Trump’s Newest Scapegoat: The White Working-Class

The President-elect’s attack on union leader Chuck Jones is an unsurprising shift away from Trump’s campaign rhetoric
Carrier union leader Chuck Jones (MSNBC).

Carrier union leader Chuck Jones (MSNBC).

On March 2nd, Indiana Governor Mike Pence met with Carrier executives to discuss the air conditioning manufacturer's plans to close its Indianapolis factory and move 2,100 jobs to Mexico.

After the meeting, Pence announced that 400 non-factory jobs would remain in Indiana, and that Carrier and UTEC (which are both units of United Technologies Corp) had agreed to repay the state approximately $1.5 million they had received in tax breaks and training grants. Pence voiced his disappointment that Carrier was still committed to closing the factory and said: “if there is any way to save these jobs in the state of Indiana, we told the company that we’re ready to partner with them.”

Pence also praised Chuck Jones, the president of the United Steelworkers Local 1999 which represents the Carrier factory workers, and later tweeted a picture of his meeting with the workers:

After the meetings, Pence said he was encouraged but didn’t “want to create any false hope for people.”

On the presidential campaign trail, Donald Trump promised to punish Carrier for outsourcing jobs to Mexico if he was elected president:

I will call the head of Carrier and I will say, I hope you enjoy your new building. I hope you enjoy Mexico. Here’s the story, folks: Every single air conditioning unit that you build and send across our border — you’re going to pay a 35% tax on that unit.

Fast forward eight months, and USW Local 1999 leader Chuck Jones is President-elect Donald Trump’s newest scapegoat.

Why is Jones’s the latest target of Trump’s wrath? Because Jones caught Trump in a lie and spoke out against him.

On December 1, Trump and Vice-President-elect Mike Pence (who is still the governor of Indiana) announced that they had made a deal with United Technologies Corp. Under the terms of the deal, Carrier is still moving jobs to Mexico — and Trump won’t punish them with a 35% tax increase. Instead, Carrier was promised $7 million in exchange for keeping some jobs in Indiana.

Trump claimed the deal saved “over 1,100” at the Carrier factory. In reality, however, only 730 union jobs and 70 nonunion jobs are being saved. When Chuck Jones learned of the deception, he was understandably upset, and he did not mince his words. He told the Washington Post that Trump and Pence “pulled a dog and pony show on the numbers” and accused Trump of “lying his ass off.”

Although Jones has said that he is thankful that Trump was able to save the 800 jobs he did, he was angry that he had given workers who will still lose their jobs false hope (exactly what Pence once claimed he did not want to do).

I'm the union leader Donald Trump attacked. I'm tired of being lied to about our jobs.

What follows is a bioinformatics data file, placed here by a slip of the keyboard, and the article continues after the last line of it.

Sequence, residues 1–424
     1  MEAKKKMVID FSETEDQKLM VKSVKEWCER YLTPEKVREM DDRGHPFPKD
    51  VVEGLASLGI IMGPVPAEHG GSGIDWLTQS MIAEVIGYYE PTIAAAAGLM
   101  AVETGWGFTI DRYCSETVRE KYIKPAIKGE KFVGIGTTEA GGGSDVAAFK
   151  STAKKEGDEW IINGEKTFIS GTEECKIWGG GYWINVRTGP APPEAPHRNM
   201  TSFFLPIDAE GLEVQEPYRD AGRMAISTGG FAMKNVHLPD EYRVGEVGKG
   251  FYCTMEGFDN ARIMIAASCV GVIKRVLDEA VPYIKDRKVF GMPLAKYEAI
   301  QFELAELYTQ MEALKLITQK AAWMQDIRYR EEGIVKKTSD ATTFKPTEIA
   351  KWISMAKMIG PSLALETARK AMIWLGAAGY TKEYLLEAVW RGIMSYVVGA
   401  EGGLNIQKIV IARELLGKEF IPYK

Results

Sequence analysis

Trump’s incoherent Twitter tirade against Jones is what we have come to expect from Trump when anyone dares criticize him. What makes this particular tirade noteworthy, however, is the target of Trump’s wrath — the unionized working-class.

During the campaign Trump railed against Corporate America and portrayed himself as the “voice” of ordinary working Americans. Trump often used Carrier as an example of bad corporate behavior and held-up Carrier’s employees as examples of the good, hard-working Americans he was fighting for.

But Trump’s attack on Jones flips the script on this narrative. He now blames Jones and/or labor unions in general — not Corporate America — for the decline of US manufacturing. The line, “No wonder companies flee the country!” indicates that Trump sympathizes with companies like Carrier and understands their moves to offshore jobs.

His claim that if “United Steelworkers 1999 was any good, they would have kept those jobs in Indiana” essentially absolves Carrier of any responsibility for their actions. According to Trump, the union is solely responsible for its members losing their jobs. This attack is even more far-fetched when you consider that Trump and Pence — who offered $7 million to Carrier and will soon be in charge of the federal government which Carrier has many contracts with — had significantly more bargaining power than Local 1999 and were still unable to keep all the jobs in Indiana. Trump is scapegoating the union for his own failure.

Trump’s attack on Jones and the union movement should not be taken as isolated incident. The Trump administration is shaping-up to be extremely anti-worker. The day after he attacked Jones, Trump named Andy Puzder as head the Department of Labor. Puzder is the CEO of CKE Restaurants Inc (which operates the Carl’s Jr. and Hardee’s fast-food chains), is a vocal critic of workplace regulation, is against increasing the minimum wage, and is in favor of fast-food workers being replaced by robots.

The President-elect’s nomination of Andy Puzder for labor secretary, combined with his nomination of four Goldman Sachs bankers to his incoming administration, indicate that Trump will be an aggressively pro-Wall Street, anti-working class president. And his attacks on Jones and USW Local 1999 show that Trump will not hesitate to scapegoat workers and blame them for the harsh economic conditions being imposed on them.

News // Donald Trump / Labor / Politics / Unions